Bariatric surgery in women may increase risk of abdominal surgery during pregnancy
Women who have undergone weight loss surgery appear to have an increased risk of abdominal surgery during pregnancy, a study suggests.
The national cohort study from Sweden merged data from the Swedish Medical Birth Registry and the Swedish National Patient Registry, evaluating women who had bariatric surgery from 1987 to 2011 in comparison with women in a control group with first-trimester body mass index (BMI) >35 who had not had bariatric surgery.
Primary outcome variables included diagnosis and surgical procedure codes grouped as five outcome categories: 1) intestinal obstruction, 2) gallbladder disease, 3) appendicitis, 4) hernia, and 5) diagnostic laparoscopy or laparotomy without the presence of a diagnosis or surgical code for outcomes in outcome categories 1 to 4.
Multivariate linear regression analysis was used to compute odds ratios (ORs) for each separate pregnancy, whereas general estimating equations with robust variance estimation were used for all pregnancies in a given woman. Factors such as smoking, year of delivery, maternal age and previous abdominal surgery were included as confounders.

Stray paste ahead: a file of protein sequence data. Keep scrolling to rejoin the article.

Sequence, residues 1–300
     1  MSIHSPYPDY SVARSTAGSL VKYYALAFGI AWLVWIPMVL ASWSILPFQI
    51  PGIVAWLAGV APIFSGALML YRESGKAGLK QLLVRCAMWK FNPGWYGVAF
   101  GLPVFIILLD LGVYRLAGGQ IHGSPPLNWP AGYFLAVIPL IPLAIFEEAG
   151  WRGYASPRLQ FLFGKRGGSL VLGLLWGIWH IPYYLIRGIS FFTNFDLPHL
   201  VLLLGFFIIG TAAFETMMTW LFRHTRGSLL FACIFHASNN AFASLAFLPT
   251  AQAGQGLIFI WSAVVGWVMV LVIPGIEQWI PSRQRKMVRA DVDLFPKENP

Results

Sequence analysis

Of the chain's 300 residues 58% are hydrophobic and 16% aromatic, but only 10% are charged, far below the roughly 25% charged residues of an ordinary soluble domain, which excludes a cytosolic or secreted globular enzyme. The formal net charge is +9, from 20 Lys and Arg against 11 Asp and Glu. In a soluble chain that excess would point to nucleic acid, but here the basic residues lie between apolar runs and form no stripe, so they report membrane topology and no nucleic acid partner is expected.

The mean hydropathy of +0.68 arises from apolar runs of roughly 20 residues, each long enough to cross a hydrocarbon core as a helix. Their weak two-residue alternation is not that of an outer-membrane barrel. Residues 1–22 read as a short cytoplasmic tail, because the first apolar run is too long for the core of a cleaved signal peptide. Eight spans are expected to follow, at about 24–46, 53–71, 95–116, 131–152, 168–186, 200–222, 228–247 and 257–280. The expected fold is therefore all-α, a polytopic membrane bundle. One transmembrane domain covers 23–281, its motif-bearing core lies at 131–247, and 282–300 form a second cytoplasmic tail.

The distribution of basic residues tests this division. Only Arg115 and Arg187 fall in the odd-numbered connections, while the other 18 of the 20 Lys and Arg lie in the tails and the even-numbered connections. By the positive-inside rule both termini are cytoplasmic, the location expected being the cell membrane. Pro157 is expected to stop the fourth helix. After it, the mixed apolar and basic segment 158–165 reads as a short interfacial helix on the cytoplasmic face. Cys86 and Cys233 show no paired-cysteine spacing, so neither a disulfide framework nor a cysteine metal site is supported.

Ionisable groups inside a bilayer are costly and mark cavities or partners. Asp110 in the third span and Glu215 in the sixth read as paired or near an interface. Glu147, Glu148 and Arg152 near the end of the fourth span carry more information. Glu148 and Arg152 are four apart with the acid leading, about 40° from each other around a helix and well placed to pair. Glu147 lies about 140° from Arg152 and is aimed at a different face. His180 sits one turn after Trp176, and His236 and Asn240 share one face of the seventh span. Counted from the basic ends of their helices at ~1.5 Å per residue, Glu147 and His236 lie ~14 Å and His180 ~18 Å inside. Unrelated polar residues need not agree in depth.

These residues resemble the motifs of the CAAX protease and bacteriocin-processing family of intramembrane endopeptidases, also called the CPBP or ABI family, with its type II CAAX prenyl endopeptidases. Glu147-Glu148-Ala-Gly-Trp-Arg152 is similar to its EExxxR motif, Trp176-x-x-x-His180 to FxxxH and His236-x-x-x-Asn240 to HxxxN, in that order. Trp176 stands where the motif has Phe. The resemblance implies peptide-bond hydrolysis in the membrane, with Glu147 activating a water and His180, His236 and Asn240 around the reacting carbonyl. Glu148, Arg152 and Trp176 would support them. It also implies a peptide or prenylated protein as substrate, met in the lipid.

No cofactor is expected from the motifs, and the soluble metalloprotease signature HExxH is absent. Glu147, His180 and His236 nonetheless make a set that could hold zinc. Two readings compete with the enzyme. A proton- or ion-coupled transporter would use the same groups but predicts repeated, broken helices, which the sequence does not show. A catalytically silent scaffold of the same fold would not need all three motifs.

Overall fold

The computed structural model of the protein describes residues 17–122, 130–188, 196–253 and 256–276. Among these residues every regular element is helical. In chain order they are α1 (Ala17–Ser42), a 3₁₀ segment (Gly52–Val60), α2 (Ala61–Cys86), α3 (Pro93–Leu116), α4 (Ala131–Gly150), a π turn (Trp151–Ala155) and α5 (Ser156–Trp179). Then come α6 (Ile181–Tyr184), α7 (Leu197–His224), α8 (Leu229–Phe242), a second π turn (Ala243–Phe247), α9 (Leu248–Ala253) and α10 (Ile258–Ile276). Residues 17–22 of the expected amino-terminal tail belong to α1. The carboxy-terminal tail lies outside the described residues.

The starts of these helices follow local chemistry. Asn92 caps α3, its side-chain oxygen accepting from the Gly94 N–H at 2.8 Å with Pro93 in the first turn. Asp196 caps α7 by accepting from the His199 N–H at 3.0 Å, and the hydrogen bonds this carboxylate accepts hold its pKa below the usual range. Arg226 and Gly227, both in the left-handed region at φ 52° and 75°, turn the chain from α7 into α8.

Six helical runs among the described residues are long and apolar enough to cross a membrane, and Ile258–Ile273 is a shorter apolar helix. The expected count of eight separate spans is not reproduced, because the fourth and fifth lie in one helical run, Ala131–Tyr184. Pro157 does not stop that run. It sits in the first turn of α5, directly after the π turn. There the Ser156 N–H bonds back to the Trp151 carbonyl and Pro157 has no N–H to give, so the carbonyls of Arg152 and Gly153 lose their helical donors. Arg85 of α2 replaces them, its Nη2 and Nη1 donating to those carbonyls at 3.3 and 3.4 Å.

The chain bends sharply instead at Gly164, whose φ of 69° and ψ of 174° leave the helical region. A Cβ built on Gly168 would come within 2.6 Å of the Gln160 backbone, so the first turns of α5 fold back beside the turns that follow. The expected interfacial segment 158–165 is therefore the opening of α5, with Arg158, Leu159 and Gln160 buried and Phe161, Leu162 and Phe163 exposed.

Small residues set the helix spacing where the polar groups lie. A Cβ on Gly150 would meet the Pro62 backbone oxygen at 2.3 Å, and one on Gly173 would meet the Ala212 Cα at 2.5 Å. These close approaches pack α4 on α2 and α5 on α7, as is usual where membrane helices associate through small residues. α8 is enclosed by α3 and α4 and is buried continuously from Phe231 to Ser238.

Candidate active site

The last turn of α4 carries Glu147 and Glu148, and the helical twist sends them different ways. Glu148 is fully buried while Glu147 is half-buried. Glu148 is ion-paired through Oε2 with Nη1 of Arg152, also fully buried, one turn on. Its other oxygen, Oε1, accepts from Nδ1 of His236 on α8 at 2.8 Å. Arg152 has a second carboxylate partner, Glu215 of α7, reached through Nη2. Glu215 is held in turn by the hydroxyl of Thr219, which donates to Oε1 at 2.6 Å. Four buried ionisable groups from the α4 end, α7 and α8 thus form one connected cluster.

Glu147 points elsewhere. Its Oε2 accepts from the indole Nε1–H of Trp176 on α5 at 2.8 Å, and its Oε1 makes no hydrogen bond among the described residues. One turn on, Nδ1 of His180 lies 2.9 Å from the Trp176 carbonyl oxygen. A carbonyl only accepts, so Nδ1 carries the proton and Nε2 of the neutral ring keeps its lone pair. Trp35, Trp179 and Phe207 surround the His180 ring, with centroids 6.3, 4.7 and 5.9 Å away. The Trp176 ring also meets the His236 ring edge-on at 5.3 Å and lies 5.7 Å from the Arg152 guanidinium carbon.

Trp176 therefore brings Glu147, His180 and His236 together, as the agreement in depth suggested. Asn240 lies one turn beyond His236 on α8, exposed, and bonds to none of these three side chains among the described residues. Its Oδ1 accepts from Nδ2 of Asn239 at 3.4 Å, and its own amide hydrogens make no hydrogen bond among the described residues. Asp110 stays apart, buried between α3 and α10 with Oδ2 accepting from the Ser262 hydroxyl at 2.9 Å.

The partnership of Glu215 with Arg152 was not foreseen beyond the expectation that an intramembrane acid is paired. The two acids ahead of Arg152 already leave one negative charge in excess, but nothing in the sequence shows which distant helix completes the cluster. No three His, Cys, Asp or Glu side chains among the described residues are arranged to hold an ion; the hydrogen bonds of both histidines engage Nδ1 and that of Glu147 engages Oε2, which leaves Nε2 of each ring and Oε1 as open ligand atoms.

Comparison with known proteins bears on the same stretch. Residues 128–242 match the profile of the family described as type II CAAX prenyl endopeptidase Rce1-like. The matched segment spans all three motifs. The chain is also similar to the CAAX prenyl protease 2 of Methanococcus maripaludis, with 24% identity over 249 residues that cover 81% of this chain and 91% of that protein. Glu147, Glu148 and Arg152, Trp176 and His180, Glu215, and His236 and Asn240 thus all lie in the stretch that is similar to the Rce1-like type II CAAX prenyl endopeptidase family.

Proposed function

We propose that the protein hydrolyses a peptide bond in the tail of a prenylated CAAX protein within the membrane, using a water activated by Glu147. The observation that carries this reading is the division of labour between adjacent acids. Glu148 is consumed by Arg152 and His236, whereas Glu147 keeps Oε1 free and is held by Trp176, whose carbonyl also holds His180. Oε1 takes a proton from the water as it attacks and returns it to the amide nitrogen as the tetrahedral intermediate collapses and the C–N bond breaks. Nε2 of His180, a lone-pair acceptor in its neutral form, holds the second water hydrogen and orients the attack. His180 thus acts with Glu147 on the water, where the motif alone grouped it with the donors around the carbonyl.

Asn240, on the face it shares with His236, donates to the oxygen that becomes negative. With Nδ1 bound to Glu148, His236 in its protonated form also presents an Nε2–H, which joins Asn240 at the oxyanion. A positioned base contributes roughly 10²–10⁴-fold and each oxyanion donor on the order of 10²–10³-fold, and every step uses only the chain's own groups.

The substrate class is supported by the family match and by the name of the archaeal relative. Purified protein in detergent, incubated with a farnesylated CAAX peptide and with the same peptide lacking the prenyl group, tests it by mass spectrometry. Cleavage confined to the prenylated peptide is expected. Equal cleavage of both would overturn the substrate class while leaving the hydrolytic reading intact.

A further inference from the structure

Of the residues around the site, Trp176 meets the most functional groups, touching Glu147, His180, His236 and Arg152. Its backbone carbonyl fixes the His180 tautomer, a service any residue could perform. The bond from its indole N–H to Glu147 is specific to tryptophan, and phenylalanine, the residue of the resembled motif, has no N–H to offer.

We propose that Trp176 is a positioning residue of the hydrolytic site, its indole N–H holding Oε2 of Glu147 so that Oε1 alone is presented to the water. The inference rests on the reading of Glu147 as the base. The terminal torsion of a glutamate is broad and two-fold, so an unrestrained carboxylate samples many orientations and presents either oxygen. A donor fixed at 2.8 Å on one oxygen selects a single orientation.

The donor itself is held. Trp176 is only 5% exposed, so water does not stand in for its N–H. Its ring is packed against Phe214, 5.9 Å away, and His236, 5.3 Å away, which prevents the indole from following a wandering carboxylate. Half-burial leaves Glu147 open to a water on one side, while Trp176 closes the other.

Results showed that the rate of surgery for intestinal obstruction during the first pregnancy after bariatric surgery was 1.5 percent (95 percent CI, 1.1 to 2.0) in the case group vs 0.02 percent (0.0 to 0.04) in the control group (adjusted OR, 34.3; 11.9 to 98.7).
Similarly, the rate of diagnostic laparoscopy or laparotomy was higher in the case group than in the control group (1.5 percent; 1.0 to 1.9 vs 0.1 percent; 0.0 to 0.1; adjusted OR, 11.3; 6.9 to 18.5).
According to available evidence, the greatest concern for a pregnancy after bariatric surgery is said to be maternal nutrition, with nutritional deficiencies commonly occurring in pregnancies after the weight-loss procedure. Aside from nutrition, there is also a reported overall trend of increasing caesarean section delivery following bariatric surgery. As there appears to be no physiologic reason for performing more operative deliveries among patients after bariatric surgery, the increased incidence of caesarean deliveries may be attributed to a caregiver bias and should also be interpreted in the context of the increasing caesarean section rate globally. [Semin Perinatol 2011;35:356–361; J Obesity 2011;doi:10.1155/2011/501939]
Given the aforementioned, pregnancy after bariatric surgery should thus be managed using a multidisciplinary approach with an emphasis on consultations from the nutritionist and surgeon. It is also important to include patient education regarding nutrition and clinical management to prevent and detect nutritional deficiencies. [J Clin Endocrinol Metab 2010;95:4823-43]